This is where Hardy’s religious criticism comes in. Through the shunning of Sue Bridehead, he shows how Victorian culture had become so blinded by stringent, subjugating religion that it failed to recognize anything could exist between a man and a woman besides “animal desire” (153). It failed to recognize a higher feeling of love, one that was not simply biblical, contractual, or carnal, but was a deep, inter-personal attachment. And as this purely clinical view endured throughout the years, it grew into a great, black shroud of gloom that could cover even the beauty of nature. Majestic scenery was reduced to “human dwellings in the abstract, vegetation, and the wide dark world” (262), and there was no reason to stop and enjoy even a few roses, because “they’d be all withered in a few days!” (281). Worst of all, children were not regarded as beings to be nurtured and adored, but as burdens God expected a man and woman to bear. This view gives rise to the climax of the novel when Little Father Time, representative of society itself, commits suicide and murders Jude and Sue’s two sons just because they were “too menny” (319).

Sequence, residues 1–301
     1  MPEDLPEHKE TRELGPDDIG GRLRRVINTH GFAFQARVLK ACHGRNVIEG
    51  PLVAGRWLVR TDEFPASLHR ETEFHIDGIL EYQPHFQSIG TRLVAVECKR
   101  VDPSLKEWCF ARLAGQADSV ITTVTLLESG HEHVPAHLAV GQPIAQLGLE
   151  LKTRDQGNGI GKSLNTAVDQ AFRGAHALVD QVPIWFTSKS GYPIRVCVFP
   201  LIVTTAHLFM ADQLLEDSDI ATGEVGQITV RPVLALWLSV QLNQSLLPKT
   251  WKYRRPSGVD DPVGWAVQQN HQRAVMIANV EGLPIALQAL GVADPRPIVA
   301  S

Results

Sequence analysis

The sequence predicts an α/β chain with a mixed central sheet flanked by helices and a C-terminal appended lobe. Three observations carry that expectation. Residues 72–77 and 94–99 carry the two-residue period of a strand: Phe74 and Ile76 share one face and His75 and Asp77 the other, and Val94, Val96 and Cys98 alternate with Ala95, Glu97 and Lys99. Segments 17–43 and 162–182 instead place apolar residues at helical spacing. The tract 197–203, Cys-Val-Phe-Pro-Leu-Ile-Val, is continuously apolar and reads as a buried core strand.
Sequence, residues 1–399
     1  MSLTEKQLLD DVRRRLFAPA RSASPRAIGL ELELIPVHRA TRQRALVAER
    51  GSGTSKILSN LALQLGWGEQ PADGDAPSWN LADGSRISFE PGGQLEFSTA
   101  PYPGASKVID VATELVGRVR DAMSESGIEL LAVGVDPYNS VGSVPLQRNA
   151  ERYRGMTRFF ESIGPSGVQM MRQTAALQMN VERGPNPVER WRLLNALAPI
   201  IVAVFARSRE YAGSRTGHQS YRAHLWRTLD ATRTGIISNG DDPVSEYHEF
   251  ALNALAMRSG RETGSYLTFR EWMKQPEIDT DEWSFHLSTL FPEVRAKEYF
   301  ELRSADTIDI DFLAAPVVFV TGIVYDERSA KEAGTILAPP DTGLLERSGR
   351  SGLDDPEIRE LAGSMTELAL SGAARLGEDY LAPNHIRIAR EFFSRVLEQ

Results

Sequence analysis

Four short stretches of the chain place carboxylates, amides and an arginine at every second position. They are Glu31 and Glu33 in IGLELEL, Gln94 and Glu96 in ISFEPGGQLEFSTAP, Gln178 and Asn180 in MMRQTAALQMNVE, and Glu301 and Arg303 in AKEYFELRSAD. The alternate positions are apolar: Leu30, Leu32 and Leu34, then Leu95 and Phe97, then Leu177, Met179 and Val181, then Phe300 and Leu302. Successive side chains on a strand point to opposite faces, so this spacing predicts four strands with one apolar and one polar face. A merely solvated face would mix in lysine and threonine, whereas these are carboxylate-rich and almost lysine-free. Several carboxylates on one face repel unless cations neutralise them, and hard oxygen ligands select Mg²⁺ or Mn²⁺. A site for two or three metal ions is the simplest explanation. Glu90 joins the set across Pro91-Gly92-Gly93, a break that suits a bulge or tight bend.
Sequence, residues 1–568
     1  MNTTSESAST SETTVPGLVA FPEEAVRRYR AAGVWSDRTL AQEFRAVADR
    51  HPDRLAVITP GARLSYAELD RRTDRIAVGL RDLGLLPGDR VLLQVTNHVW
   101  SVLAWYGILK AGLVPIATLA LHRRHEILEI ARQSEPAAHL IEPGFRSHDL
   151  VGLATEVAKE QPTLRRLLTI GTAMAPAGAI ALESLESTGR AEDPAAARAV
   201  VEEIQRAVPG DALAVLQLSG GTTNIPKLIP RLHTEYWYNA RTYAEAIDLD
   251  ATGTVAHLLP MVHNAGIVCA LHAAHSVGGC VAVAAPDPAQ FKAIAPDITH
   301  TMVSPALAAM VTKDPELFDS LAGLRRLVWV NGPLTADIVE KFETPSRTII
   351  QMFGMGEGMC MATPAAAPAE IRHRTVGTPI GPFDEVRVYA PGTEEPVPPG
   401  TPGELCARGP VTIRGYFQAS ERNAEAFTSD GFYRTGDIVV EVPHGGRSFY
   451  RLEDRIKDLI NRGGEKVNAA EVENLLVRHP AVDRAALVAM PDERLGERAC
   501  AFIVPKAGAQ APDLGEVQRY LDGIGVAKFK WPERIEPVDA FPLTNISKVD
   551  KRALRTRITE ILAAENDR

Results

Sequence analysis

Sue’s story from that point on is not a joyful one. She has an utter breakdown, believing that God has punished her for her adultery to her first husband, and so she returns to Phillotson. But in the process of obeying what she believes to be God’s will and leaving Jude, she’s sacrificed her happiness, and as Arabella puts it at Jude’s funeral: “She’s never found peace since she left his arms, and never will again till she’s as he is now!” (394). And though this quote ends the novel, it is Hardy’s way of posing a subtle question of paramount importance: What truly civilized society would disregard intellect and happiness in the name of tradition and superstition?